I have been inspired by a visit to the Rudston megalith recently and the talk about the site given by a local geologist.

The Rudston Megalith is, at 27 feet, the tallest single standing stone in the UK.  It’s the most important site of pagan worship in the East Riding of Yorkshire.  It’s in the churchyard in the village of Rudston, which stakes a claim to be the oldest place of continuous settlement in England with a community there from megolithc times to the present day.

Today it’s nestled in a dry chalk valley but in pre-historic times the East Yorkshire Wold carried a wide river, now little more than a drain called the Gypsey Race.  Before the ice age geological movements sheared the river valley and formed a huge kink in the river.  This created a large platform with an outlook across the River and the rolling wolds beyond.  This was where the megalith was erected probably around 1,500 BC.

The stone is made of moor grit.  It may have been washed down from the North Yorks Moors during the ice age and deposited close to the site rather than transported there.  What is also remarkable about the stone is that the pock-marks on them are actually dinosaur footprints!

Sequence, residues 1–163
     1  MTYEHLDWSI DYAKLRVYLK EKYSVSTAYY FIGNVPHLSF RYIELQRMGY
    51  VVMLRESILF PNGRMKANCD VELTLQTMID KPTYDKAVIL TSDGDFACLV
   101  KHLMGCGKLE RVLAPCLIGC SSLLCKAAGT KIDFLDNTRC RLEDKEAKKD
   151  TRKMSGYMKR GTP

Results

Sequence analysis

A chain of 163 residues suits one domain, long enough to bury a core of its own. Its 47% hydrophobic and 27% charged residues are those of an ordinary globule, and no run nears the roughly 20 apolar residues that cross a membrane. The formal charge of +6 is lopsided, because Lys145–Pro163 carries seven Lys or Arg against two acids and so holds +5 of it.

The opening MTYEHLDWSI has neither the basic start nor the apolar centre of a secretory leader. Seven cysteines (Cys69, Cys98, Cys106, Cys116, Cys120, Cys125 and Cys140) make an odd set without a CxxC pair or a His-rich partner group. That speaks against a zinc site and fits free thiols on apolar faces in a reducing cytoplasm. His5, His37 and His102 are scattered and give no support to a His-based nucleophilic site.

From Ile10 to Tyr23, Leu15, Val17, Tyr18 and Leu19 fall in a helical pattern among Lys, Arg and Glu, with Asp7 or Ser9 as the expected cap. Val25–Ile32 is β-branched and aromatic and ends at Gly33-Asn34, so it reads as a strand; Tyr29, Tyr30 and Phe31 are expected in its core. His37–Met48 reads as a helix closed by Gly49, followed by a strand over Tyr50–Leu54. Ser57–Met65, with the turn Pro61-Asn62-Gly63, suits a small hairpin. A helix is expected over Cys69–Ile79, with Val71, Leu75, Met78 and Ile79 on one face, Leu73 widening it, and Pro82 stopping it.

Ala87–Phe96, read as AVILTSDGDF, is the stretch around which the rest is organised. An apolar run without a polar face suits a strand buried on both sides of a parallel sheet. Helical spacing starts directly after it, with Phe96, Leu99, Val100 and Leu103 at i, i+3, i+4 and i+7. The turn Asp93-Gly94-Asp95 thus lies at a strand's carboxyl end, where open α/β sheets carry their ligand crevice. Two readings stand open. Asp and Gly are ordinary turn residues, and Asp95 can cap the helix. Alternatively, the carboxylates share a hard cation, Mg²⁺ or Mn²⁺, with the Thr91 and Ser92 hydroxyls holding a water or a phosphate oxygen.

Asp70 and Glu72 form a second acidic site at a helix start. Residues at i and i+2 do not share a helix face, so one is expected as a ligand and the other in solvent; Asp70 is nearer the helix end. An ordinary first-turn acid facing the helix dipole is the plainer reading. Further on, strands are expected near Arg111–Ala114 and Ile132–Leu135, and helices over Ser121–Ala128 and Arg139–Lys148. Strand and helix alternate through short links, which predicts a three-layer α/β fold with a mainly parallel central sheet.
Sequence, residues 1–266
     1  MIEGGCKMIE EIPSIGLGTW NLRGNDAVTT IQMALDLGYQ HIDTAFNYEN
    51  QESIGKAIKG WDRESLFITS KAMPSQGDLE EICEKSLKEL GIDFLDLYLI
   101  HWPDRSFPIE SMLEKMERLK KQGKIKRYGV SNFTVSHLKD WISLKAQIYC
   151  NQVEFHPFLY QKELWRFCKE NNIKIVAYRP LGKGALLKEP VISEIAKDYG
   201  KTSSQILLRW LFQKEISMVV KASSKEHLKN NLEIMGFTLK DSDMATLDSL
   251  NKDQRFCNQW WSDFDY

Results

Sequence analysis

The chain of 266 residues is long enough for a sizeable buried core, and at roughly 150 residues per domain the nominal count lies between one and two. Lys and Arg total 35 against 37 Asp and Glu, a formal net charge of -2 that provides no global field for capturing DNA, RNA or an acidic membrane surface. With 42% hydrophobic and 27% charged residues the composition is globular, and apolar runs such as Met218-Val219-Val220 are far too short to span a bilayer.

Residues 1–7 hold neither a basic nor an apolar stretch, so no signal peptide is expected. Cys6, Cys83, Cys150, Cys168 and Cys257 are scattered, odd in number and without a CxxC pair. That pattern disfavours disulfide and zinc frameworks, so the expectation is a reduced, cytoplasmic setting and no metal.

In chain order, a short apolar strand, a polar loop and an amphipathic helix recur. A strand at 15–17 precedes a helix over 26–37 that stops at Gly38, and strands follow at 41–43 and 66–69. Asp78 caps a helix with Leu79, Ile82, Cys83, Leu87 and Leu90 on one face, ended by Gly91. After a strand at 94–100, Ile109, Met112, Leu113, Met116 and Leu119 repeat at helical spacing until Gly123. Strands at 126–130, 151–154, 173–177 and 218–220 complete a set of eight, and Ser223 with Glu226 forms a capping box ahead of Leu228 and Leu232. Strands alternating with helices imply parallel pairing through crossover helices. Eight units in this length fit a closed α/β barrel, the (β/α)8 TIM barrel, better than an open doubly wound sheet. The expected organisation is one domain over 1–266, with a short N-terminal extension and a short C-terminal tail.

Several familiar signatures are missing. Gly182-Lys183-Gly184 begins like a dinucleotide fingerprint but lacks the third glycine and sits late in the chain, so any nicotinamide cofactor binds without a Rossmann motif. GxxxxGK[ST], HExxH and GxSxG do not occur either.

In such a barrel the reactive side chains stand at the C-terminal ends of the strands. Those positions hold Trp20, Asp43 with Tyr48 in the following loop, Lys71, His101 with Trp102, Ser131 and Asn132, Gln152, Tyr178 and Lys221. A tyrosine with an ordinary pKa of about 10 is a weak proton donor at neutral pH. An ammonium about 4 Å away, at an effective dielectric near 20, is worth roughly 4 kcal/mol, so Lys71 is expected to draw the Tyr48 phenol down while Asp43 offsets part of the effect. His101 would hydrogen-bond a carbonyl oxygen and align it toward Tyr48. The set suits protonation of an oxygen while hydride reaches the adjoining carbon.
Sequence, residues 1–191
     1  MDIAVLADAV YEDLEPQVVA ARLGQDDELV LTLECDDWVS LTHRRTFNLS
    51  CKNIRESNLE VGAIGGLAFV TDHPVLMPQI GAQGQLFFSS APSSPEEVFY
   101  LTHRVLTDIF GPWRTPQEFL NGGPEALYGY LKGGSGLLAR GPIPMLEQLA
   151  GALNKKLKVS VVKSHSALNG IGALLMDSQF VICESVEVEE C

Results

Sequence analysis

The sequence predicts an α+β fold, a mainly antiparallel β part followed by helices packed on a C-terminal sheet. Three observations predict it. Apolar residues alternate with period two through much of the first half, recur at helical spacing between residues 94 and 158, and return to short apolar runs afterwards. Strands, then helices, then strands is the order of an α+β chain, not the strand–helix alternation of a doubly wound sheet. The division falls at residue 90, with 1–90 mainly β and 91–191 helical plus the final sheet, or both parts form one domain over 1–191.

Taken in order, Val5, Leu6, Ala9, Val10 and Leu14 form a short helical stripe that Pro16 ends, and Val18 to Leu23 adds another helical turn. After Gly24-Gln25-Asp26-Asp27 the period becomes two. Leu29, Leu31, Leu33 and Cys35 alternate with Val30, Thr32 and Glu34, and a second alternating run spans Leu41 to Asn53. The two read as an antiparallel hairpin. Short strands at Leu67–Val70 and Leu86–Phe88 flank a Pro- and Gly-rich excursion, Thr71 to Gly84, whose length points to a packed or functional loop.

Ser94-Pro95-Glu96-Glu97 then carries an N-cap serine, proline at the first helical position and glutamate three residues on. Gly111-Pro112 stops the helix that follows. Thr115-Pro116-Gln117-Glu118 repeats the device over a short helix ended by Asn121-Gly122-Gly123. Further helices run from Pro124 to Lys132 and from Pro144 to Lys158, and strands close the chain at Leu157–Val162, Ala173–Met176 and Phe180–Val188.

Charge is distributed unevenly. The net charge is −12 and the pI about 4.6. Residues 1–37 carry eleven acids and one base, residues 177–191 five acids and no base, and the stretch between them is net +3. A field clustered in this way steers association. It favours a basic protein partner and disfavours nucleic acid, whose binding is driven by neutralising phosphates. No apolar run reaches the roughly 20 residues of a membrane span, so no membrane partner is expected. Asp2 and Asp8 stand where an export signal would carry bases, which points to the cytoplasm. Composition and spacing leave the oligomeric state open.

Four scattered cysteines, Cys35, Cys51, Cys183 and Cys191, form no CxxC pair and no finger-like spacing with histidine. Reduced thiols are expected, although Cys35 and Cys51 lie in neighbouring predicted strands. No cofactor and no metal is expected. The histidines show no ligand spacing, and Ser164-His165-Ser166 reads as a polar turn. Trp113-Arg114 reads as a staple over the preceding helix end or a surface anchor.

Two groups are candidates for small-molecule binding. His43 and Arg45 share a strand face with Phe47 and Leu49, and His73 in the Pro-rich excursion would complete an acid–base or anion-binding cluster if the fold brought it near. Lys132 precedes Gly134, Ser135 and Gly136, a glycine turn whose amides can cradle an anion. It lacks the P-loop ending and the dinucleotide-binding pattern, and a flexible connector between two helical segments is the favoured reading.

There were five cursors or ceremonial lanes that converged on the stone.  In neotlithic times these would have been covered in chalk and were white.  It is a theory that Stonehenge was the principal ritual site and that everybody in neolithic times would have heard of it.  This would have made Rudston a satellite site.  It would have been possible to walk from Rudston to Stonehenge following the chalkland.  There is also one more much smaller stone on the edge of the churchyard so it is possible that there was also a stone circle around the megalith.  This is supported by the fact that the church wall is curved, which is very unusual, and would appear to follow the line of a circle in line with the smaller stone.

Across from the megalith there is a ridge of hills known as Woldgate and there would have been a cursor leading across the river to the hills.  It was on these hills that the burial mounds were sited.  You can’t see them now because modern farming means you can no longer see them in the landscape.  The settlement was on one side of the river and the ritual sites for burials were on the other side of the river so that the dead had to pass from one side of the river to the other.  The churchyard has a cist or stone burial chamber recovered from one of the nearby burial mounds in the 19th century dumped in its corner.

When christianity arrived they put the early church on the ritual site next to the megalith.  It’s remarkable the standing stone still survives.  Perhaps it’s size and weight (allegedly it is  buried as deep as it is tall and weigh 40 tons) and the difficulty or removing it helped to protect it.

It’s certainly a very powerful and mystical site.